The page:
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Skin Cancer Facts: 10 Steps to Keep Skin Safe in and Out of the Sun

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Skin cancer facts: Skin Caner  is the most common cancer in the United States, and each year more than 1 million cases are diagnosed. And with over 90 percent of melanomas being caused by the sun’s ultraviolet radiation (UVR), there are steps you should take to protect yourself. Dr. Jeanine Downie of the Skin Cancer Foundation shares these guidelines to help you stay safe in and out of the sun:

Seek the shade, especially between 10 a.m. and 4 p.m.
That’s when the sun’s rays are usually strongest. If you’re outside, head for the shady side of the street, or use a sun umbrella. Indulge in your favorite outdoor activities in early morning or late afternoon. Try the beach at sunset, for example.

Do not burn.
Even one sunburn increases your risk of developing melanoma, the deadliest form ofskin cancer; five or more sunburns doublesyour lifetime risk.

Avoid tanning and UV tanning booths.
No tan is safe, whether it comes from the beach or the salon. Tanned skin is a sign that DNA has been damaged by UVR. Damage can lead to mutations that increase the risk of skin cancer.

Tanning bed users are also at higher risk of developing skin cancer, since the sunlamps in tanning salons produce UVR doses as much as 12 times that of the sun.

Cover up.
Clothing is an effective form of sun protection, so cover up with densely woven and bright- or dark-colored fabrics. Wraparound UV-blocking sunglasses help prevent conditions including cataracts and melanomas of the eye and eyelid, and wide-brimmed hats protect the face and back of the neck.

Use a sunscreen with an SPF of 15 or higher every day.
A sunscreen’s SPF, or Sun Protection Factor, measures how long unprotected skin can be exposed to the sun’s ultraviolet B (UVB) rays before burning compared with how long it takes to burn without protection. A sunscreen with an SPF of 15 would prevent sunburn 15 times longer than if the product weren’t used.

But a high SPF alone is not enough, since SPF doesn’t measure defense against the sun’s ultraviolet A (UVA) rays, which can also cause damage.  So make sure your sunscreen has one or more of these UVA-protecting ingredients: titanium dioxide, zinc oxide, avobenzone or ecamsule (aka Mexoryl™ SX). Sunscreen should be worn every day, since even on overcast days most of the sun’s UVR can penetrate clouds.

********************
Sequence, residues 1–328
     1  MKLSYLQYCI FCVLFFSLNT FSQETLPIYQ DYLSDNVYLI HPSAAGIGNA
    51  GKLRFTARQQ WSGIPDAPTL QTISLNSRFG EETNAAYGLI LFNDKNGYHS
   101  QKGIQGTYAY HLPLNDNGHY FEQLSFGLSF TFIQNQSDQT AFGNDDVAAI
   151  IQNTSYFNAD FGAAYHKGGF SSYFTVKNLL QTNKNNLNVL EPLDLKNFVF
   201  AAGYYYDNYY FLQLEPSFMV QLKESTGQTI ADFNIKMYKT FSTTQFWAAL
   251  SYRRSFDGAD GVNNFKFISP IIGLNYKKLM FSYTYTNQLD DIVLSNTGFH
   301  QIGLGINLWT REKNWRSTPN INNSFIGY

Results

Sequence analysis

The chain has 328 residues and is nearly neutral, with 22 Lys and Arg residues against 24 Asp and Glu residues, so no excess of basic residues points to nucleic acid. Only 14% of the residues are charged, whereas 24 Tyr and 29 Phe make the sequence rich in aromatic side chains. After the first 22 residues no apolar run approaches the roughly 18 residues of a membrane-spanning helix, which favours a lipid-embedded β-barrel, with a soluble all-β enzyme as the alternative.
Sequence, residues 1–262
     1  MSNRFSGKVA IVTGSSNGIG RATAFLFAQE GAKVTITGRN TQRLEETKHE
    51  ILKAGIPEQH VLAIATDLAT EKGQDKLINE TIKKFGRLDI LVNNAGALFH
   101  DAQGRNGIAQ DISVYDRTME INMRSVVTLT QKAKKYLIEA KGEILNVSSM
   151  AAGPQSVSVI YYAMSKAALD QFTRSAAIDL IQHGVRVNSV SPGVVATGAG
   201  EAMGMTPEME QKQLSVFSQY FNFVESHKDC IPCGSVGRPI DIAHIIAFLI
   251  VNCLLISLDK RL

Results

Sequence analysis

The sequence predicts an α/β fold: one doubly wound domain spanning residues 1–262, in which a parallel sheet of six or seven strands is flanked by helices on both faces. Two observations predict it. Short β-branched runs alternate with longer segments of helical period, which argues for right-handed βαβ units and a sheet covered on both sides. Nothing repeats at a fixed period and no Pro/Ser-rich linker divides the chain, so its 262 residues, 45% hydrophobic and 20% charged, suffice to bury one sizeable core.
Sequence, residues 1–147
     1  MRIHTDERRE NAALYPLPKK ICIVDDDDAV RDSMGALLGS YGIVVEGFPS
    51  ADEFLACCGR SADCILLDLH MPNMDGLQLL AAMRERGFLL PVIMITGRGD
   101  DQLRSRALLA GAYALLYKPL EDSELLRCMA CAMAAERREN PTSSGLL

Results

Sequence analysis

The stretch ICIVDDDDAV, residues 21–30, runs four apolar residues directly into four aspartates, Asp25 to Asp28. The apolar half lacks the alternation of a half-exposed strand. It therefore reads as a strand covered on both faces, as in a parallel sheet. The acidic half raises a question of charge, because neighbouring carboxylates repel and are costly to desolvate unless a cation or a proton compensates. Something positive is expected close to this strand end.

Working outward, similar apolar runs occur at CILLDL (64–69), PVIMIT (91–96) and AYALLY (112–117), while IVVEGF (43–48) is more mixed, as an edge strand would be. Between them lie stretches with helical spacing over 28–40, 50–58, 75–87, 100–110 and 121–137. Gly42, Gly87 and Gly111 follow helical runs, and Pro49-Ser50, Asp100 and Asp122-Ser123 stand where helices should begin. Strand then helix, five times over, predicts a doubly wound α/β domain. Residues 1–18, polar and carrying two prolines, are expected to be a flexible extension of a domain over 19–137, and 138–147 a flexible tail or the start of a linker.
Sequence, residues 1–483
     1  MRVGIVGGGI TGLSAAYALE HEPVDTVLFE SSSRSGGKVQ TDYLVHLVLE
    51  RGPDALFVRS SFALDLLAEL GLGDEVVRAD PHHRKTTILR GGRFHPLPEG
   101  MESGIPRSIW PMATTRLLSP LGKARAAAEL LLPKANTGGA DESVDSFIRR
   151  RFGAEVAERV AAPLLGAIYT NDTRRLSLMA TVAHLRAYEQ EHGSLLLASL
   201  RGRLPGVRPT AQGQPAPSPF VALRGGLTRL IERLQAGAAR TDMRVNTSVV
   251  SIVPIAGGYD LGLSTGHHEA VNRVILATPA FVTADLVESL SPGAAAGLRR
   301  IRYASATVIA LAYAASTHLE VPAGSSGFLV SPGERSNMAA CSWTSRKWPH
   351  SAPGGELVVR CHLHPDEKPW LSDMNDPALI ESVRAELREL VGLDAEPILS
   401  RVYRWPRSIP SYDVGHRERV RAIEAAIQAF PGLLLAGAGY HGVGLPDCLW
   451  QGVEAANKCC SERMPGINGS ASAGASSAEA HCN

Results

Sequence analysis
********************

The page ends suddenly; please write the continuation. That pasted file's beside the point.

Apply 1 ounce (2 tablespoons) of sunscreen to your entire body 30 minutes before going outside.
You have to apply enough sunscreen to get adequate protection. Be sure to reapply after two hours in the sun, or if you’ve been exercising heavily or swimming.

Keep newborns out of the sun. Sunscreens should be used on babies over the age of 6 months.
Babies have little melanin, the pigment that gives color to skin, hair and eyes and provides some sun protection. But since infants’ delicate skin is too sensitive for sunscreen, protect those under 6 months with long sleeves, pants and sun hats as well as sun umbrellas or hooded strollers. Sunburns can lead to serious illness in babies and toddlers.

Examine your skin head-to-toe once every month.

Here’s how:

  • In front of a full-length mirror, inspect your head and face, using a blow dryer to check your scalp.
  • Check your hands, nails, arms, torso and trunk.
  • With your back to the mirror, use a hand mirror to check your back and other hard-to-see places.
  • Sitting down, check your legs and feet, including soles, heels, toes and nails. Use the hand mirror to examine your genitals.

Look for skin changes of any kind. Cancer warning signs include:

  • a spot or sore that continues to itch, hurt, crust, scab, erode or bleed
  • an open sore that does not heal within two weeks
  • a skin growth, mole, beauty mark or brown spot that:
    -changes color
    -changes texture
    -increases in size or thickness
    -is asymmetrical
    -has an irregular border
    -is bigger than 6mm, the size of a pencil eraser
    -appears after age 21

See your physician every year for a skin exam.
Most skin cancers are curable if caught early, so have aregular total-body checkup to make sure your skin is — and stays — healthy.

If you haven’t seen your physician lately, you can jointhe Road to Healthy Skin Tour for a free exam. To find out more about the Skin Cancer Foundation’s Road to Healthy Skin tour, go to: www.skincancer.org

© 2013 MSNBC Interactive.  Reprints